The Geographic Distribution of Violent Deaths in the United States

The Geographic Distribution of Violent Deaths in the United States

Now that the murder rates in different countries and their biggest cities have been analyzed, the next logical step is to zoom in on the United States. The interna- tional comparisons in Tables 4.1 and 4.2 highlight the well-known fact that some parts of the world are much more violent—or much more peaceful—than others. But what about the spatial distribution of lethal vio- lence within the United States? Are there striking dif- ferences in the murder rate for different parts of the country, for different cities, and even for various neigh- borhoods within cities?

The answer, as everyone knows, is of course “yes!” A number of geographic factors strongly influence differential risks. As for the four sections of the country, historically the highest homicide rates have been recorded in the South (with 5.3 per 100,000 in 2013); the lowest have been in the Northeast (at 3.5 per 100,000) and the West (at 4.0). The rates in the Midwest generally have fallen in-between (at 4.5). Residents of metropolitan areas (urban centers rather than suburbs) face higher risks of violent death than do inhabitants of rural coun- ties or of small cities beyond the fringe of metro- politan areas.

Geography-based risks can even be further fine-tuned by calculating murder rates for U.S. cities. A closer look at the FBI’s data from munic- ipal police departments confirms that some urban centers were much more dangerous places to dwell in than others. The map in Figure 4.1 shows vertical bars that depict the number of resi- dents who were murdered out of every 100,000 inhabitants of that city (taking size into account is the only sound way to make such comparisons).

The map indicates that among the largest cit- ies, Detroit had the dubious distinction of being the homicide capital of the country in 2013. (When Detroit had to declare fiscal bankruptcy in 2013, it was a more dangerous place, with a murder rate of 45 per 100,000 residents, than it was in 2010, when its murder rate was 34 per 100,000.) The most well-known medium-size city with some of country’s roughest neighbor- hoods is New Orleans (which became even more dangerous after the floods caused by Hurricane Katrina but then improved substantially, as its murder rate tumbled from a sky-high level of 95 per 100,000 residents in 2007 down to still intolerable level of 41 in 2013). In fact, as far as trends go, outbursts of lethal violence diminished in nearly all big U.S. cities from the 1990s up to 2013. Despite the nationwide decline in murder rates, the risks facing residents remain much higher in Detroit, Philadelphia, Washington D.C., Atlanta, and Miami than in Denver, San Francisco, San Jose, San Antonio, Los Angeles, and New York. The nation’s safest big cities were Seattle and San Diego (see Figure 4.1).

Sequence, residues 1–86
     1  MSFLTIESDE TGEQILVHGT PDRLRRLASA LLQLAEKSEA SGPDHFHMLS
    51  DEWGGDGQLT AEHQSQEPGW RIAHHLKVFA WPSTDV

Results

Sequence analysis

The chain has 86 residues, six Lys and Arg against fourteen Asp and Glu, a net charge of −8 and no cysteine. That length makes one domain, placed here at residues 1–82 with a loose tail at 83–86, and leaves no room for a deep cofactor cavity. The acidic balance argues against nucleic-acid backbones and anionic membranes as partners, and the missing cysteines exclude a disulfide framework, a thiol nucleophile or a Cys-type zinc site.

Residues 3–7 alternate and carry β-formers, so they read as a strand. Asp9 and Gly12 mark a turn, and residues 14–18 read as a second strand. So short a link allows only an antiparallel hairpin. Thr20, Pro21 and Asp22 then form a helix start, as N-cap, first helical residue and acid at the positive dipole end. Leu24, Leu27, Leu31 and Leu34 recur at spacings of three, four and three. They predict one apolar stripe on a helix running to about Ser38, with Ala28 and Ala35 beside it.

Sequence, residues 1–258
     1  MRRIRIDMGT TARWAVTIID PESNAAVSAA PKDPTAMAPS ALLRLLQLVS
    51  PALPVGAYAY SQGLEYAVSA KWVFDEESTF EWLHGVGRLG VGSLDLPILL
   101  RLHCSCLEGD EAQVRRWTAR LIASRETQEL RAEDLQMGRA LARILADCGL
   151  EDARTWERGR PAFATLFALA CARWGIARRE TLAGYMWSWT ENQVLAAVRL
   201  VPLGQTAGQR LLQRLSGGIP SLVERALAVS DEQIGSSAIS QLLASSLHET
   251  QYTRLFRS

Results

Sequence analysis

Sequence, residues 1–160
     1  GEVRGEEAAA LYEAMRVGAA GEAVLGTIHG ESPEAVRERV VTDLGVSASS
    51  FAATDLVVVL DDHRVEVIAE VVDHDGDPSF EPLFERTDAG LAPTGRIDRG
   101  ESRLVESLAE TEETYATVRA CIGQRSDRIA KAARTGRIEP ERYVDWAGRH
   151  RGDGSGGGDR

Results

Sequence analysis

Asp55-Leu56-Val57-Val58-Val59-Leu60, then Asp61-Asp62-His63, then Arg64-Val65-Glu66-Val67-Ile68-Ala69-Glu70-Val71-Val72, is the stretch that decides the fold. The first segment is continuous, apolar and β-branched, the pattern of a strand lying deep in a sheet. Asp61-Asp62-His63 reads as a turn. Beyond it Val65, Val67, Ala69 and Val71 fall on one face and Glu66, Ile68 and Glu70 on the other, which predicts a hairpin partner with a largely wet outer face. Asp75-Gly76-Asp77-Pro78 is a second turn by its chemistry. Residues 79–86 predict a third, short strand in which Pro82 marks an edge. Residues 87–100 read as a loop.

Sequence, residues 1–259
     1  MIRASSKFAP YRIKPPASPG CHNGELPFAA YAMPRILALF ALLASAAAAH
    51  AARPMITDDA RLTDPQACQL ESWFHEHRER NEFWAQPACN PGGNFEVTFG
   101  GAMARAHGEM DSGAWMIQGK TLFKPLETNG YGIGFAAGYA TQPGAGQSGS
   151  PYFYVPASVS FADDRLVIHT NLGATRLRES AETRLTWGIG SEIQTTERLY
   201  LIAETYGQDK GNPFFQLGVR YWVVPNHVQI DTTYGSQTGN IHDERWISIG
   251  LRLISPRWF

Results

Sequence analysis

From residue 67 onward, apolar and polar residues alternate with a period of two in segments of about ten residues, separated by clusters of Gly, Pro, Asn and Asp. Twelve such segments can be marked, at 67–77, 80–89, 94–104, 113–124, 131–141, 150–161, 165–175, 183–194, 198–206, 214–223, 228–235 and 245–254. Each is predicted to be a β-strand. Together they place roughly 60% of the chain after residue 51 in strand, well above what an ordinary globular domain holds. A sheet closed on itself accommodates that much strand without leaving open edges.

According to researchers, the disparities are not simply a function of size but seem to be deter- mined by conditions such as population density, the local economy (poverty and unemployment rates, wage scales, and the gap between rich and poor), special problems (the easy availability of illegal handguns, the extent of drug trafficking, and the ineffectiveness of police strategies), tradi- tions and customs (including the persistence of a subculture that condones violence), and demo- graphic factors (especially divorce rates and the proportion of the population that is poor, male,


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young, and of a marginalized minority group) (see Tardiff, Gross, and Messner, 1986; Chilton, 1987; Land, McCall, and Cohen, 1990; Messner and Golden, 1992; and Karmen, 2006).